Another woman in the community, Zinai Abubakar also frown that apart from the issues of health implications of open defecation, the people of the community, particularly the women and children face a lot of risks when they go out at night to defecate. She said “Whether during the day or at night, we come out to defecate in that open space. We know that it is delicate for our safety apart from the risk of sickness. But since there is no toilet, what can we do? We have to defecate”.
Bioye OgunjobiUNICEF WASH Specialist
A 68-year-old woman in the community, Hajiya Sadia Umaru said the issues of sanitation in the community has been a major problem and that apart from lack of toilet, they do not have good water. According to her, “We are facing serious challenges in terms of sanitation. We want to maintain clean environment but this can only be possible when we have good water and toilets. We need help. We want water and toilet in this community.”
Dr Rafiu Isamotu, the immediate past Commissioner for Health in Osun State said “open defecation is not a good habit. It poses danger to human health, especially the children. Open defecation could cause helminths or parasitic worms and the effects would be chronic blood loss, heavy parasitic worms which can lead to malabsorption of nutrient. This could make the children fall sick and lead to school absenteeism. Therefore, people must desist from the practice of open defecation.”
Abdullah Ibbra, a resident of Yammawar-Kafawa showing his toilet
Meanwhile, as Jadawa-Fulani is still grappling with open defecation and its attendant consequences, its neighbouring community in just a stone’s throw away, Yammawar-Kafawa continued to enjoy its serenity and liberation from the scourge of open defecation. Each family compound in Yammawar-Kafawa has a toilet and the dwellers including the children have imbibed the culture of using toilet. The people of Yammawar-Kafawa take the issue of cleanliness with seriousness.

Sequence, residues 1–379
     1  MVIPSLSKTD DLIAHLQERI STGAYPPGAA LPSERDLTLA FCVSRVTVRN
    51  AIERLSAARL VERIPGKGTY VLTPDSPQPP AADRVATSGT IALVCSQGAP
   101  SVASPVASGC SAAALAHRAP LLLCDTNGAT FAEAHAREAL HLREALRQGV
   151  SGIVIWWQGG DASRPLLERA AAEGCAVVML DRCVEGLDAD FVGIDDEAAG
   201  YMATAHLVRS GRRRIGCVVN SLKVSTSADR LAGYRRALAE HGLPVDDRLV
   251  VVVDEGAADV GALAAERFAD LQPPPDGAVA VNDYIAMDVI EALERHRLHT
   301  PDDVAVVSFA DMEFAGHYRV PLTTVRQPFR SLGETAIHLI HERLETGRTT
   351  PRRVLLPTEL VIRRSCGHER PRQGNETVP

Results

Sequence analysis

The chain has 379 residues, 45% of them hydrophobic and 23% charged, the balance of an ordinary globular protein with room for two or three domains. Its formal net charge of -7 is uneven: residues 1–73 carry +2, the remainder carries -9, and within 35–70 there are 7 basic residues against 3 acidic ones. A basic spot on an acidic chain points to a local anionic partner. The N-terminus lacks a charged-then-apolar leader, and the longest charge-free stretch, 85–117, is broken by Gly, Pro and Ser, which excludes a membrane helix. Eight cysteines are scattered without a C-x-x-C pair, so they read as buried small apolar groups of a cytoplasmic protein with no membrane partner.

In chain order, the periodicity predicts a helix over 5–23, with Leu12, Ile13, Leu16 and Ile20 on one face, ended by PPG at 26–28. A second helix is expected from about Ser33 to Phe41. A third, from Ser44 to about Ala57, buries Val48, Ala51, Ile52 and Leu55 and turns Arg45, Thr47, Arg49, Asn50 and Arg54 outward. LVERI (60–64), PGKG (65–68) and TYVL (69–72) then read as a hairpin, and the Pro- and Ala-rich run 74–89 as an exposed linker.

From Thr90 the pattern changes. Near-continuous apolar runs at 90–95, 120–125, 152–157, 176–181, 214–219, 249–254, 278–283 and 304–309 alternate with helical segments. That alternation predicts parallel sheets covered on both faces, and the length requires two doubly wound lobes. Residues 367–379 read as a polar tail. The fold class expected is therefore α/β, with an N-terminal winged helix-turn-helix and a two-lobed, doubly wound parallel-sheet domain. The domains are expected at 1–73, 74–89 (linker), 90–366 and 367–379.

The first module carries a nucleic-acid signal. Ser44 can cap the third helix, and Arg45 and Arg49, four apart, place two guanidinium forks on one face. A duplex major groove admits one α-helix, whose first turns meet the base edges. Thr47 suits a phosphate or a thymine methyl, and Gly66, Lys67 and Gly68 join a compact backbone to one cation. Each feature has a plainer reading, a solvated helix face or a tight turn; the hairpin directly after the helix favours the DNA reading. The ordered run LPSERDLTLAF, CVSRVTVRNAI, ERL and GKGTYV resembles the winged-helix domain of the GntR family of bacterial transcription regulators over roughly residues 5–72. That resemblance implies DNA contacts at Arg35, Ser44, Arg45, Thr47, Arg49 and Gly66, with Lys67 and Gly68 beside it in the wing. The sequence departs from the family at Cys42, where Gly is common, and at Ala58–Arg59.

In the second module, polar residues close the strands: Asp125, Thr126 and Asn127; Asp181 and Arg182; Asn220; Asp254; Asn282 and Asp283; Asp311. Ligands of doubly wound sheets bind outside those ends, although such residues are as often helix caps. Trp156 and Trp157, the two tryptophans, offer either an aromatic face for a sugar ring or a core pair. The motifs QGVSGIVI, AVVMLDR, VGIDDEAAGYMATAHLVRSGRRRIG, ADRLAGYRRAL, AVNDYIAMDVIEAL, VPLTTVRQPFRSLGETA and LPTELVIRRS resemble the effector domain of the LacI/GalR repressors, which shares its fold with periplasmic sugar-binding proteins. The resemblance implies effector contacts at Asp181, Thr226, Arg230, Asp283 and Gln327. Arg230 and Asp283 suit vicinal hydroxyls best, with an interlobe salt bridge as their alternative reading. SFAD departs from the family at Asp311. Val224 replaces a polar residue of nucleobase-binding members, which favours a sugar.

Malam Abdullah Ibbra, a resident of Yammawar-Kafawa said he built a toilet in his house after a sensitization by officials of the United Nation’s Children Fund (UNICEF) who educated the community on the danger of open defecation and the benefits of having and using toilet. “Since the UNICEF officials came here and told us that open defecation can cause sickness, I decided to build toilet in my house and I did. Other people in this community also build toilet and no one is defecating outside here.”
Another resident of the community, Suleiman Nura also said that he built toilet in his house to prevent his household from practising open defecation. He said “I built this toilet to prevent my wives and children form going into the bush to defecate. I thought my wives and children how to wash their hands when they come out from the toilet. UNICEF told us that if we use toilet and wash our hands properly, we will not fall sick. It is true, we enjoy good health. We thank God”.